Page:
Resources available to combat STDs among college students

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Overall incidents of sexually transmitted diseases have increased significantly, especially among individuals between the ages of 15 and 24, according to the Centers for Disease Control and Prevention.

In a February 2004 report, the CDC and Family Health International found that nearly half of the nation’s new STD cases each year involve adolescents and young adults. The reports also estimated that in 2000, 9.1 million cases of STDs occurred in sexually active Americans in this age group.

The report also states that one in two sexually active youth will contract an STD by the age of 25.

Jennifer Ruth, a CDC spokesperson, said that there were approximately 18.9 million new STD cases reported in 2000 alone, with nearly half in the 15 to 24 age group. This age group represents 25 percent of the sexually active population, she said.

“It’s important to point out that these estimates are at a point in time and do not show trends over time,” Ruth said. “The estimates were made for 2000, although you will see that the study was published in 2004. The reason for this is that it takes some time from the end of data collection until the data has fully been analyzed.”

Through the Klotz Student Health Center Education and Resources On Sexuality program, CSUN students can educate themselves by learning through other students.

With its “Never Negotiate Naked” slogan, EROS allows students to make informed decisions, and become more conscientious of the choices they make.

The program focuses on educating individuals about reproductive health. EROS services vary, from group and individual contraception information sessions, individual counseling and referral, interactive presentations and “Ask EROS” in which an individual can confidentially ask personal questions online.

Amy Reichbach, a health educator from the health center and EROS staff coordinator, said peer education has been very effective. She said most students respond better to other students than to a faculty or staff member.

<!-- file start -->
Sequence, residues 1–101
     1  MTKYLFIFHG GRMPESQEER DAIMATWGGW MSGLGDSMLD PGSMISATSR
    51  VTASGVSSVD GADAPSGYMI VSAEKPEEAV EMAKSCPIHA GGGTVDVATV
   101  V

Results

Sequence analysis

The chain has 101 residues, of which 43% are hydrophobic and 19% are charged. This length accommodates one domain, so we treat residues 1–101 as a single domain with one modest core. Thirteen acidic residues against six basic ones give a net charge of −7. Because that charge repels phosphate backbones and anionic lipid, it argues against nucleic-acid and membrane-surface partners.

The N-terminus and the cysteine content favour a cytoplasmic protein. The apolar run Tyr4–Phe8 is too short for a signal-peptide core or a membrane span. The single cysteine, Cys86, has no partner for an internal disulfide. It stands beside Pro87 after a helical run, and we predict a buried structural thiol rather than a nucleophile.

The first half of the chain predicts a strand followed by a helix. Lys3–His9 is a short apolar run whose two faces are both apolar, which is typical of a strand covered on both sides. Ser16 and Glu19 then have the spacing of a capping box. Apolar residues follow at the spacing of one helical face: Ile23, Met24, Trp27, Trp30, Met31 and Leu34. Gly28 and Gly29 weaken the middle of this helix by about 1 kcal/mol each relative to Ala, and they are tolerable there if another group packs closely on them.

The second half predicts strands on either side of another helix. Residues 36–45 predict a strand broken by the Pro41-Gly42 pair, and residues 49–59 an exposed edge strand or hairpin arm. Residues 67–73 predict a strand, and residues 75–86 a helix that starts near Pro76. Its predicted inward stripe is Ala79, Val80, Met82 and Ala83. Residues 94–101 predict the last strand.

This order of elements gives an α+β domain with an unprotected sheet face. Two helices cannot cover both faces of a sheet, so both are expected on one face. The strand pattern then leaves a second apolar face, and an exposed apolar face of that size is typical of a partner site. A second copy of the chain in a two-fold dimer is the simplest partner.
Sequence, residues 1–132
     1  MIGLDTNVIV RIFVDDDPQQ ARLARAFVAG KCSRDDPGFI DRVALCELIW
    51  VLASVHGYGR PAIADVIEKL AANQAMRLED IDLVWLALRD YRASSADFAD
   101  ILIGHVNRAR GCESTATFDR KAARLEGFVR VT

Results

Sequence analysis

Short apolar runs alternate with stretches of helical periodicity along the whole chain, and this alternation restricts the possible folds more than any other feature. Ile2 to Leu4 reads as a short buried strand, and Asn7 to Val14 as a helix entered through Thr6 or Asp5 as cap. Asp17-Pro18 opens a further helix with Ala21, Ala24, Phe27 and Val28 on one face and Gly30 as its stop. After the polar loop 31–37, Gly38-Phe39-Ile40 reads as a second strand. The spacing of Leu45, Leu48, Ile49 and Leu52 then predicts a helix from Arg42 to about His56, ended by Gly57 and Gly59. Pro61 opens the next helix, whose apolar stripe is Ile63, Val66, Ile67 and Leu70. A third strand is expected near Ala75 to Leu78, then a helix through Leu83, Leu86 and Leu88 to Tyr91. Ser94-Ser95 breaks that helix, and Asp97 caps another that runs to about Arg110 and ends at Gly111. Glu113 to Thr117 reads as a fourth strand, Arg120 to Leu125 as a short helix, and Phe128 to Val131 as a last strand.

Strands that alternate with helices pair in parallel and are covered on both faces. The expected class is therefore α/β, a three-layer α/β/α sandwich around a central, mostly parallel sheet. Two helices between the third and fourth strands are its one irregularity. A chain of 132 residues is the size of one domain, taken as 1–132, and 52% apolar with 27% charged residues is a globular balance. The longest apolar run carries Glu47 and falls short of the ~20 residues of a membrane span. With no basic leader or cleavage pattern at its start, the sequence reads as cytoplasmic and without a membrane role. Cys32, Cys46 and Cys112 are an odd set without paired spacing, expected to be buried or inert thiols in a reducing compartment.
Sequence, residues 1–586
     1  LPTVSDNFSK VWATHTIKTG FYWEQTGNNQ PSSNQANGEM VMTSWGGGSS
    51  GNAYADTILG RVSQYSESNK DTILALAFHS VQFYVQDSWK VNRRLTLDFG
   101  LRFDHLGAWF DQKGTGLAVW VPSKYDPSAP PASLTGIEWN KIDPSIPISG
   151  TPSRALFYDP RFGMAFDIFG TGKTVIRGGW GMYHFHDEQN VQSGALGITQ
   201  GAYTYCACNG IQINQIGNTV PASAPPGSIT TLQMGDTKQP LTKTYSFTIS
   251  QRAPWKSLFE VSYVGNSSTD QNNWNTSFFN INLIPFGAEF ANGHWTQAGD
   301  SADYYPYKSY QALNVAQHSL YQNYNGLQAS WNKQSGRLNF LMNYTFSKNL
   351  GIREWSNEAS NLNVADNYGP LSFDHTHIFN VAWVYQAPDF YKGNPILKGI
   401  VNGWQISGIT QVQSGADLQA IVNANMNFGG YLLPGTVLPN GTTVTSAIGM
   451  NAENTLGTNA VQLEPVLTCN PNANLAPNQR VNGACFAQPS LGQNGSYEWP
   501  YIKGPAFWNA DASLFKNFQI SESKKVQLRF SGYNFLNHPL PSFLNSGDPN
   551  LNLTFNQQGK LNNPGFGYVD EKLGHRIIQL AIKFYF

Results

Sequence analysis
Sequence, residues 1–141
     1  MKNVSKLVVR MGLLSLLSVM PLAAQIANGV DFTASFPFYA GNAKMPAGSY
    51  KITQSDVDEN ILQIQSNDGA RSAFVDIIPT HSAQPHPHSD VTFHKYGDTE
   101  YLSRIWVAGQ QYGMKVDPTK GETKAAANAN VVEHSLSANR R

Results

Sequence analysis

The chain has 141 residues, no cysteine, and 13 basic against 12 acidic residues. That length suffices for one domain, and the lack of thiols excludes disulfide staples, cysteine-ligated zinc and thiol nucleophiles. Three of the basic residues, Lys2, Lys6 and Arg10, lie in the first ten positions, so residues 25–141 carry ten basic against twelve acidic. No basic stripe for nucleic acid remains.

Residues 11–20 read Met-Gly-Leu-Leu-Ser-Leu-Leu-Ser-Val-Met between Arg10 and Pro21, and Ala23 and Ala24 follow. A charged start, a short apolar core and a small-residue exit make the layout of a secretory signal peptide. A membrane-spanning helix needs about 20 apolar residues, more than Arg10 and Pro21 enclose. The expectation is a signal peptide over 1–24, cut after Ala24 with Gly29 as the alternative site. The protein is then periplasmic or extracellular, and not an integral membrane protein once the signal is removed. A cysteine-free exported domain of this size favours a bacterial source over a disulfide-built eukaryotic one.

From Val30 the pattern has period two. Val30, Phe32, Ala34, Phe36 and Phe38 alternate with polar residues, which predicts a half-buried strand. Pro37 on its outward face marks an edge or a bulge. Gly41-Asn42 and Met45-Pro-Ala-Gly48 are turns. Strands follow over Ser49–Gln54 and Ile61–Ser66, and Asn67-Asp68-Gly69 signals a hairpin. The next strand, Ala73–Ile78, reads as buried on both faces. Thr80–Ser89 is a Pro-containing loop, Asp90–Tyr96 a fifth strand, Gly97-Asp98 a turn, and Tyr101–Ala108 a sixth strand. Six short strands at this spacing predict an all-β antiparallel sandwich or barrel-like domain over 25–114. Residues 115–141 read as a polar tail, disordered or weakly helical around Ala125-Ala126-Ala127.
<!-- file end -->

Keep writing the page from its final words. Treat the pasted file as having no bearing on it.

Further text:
According to Reichbach, the top three reported STDs around campus are chlamydia, herpes and human papilloma virus.

Chlamydia is the most commonly reported infectious disease in the United States, according to the American Social Health Association. There are an estimated 3 million new infections of chlamydia each year.

ASHA also reported that more than 50 million adults in the U.S. have genital herpes, adding up to roughly one in five adults. ASHA estimates 1 million new cases each year. Almost nine in ten infected people are unaware they have genital herpes, and it is estimated up to 40 percent of men and half of all women could be infected by genital herpes, according to ASHA reports.

While HPV affects at least 6.2 million people each year in the U.S., according to ASHA, there are about 80 percent of all sexually active people have been infected at some point in their life and about 4.6 million young people between the ages of 15 and 24 get HPV each year, nearly 74 percent of all new infections in the country.

According to the U.S. Department of Health Services, ulcerations and sores caused by STDs can provide greater vulnerability to acquired immunodeficiency syndrome, or AIDS, to the blood stream.

Reichbach said for the most part, it is an ethical and moral issue to let one’s partner know about one’s sexual health prior to intercourse.

Natalia Koteva, a program coordinator and a Student Health undergraduate, said students are more likely to ask questions, whether on an individual counseling format or during their class presentations. She said students are more comfortable and more open to ask somebody who is just like them.

ASHA also reported that direct medical costs of treating STDs are more than $8.4 billion each year, not including the indirect cost of lost wages, productivity and human cost of anxiety, shame, anger and depression.

Reichbach said many students might have had some kind of health education prior to going college, but to many students, it was not that effective.

“A lot of (students) got (health education prior to going to college), but (it) was not well presented to them – their kind of questions were not answered,” Reichbach said.

She added that most people have the tendency to blame others for what happens.

“(We) usually tend to blame, but in actuality the person does not even know who gave the disease to them,” Reichbach said.

The peer counselors for EROS are cross-trained with the group Alcohol, Tobacco and other Drugs, Learning, Education, Resources Training (ALERT). Volunteers were selected in spring and undergo training during the summer. The peer counselors are committed in the program for one year.

Reichbach said many social activities could lead to risk taking and everyone should always consider the possibilities.

Kat English, senior psychology major, is on her first year with EROS as a peer counselor. Like the others, she trained for her new job over the summer.

“It’s a huge responsibility- (But) it makes me excited about the work; with the training I am more confident and prepared for the job,” English said.

Koteva said EROS presentations can vary, and are usually on birth control methods; with at least 90 percent of presentations on STDs and HIV, depending on the request.

According to Reichbach, the Klotz Student Health Center usually sees more women than men about reproductive health issues.

“Women have more reproductive challenges globally; the truth is – it’s stuck on (women),” Reichbach said. “(Women) bear the burden of reproduction.”

Joanne Angeles can be reached at city@sundial.csun.edu.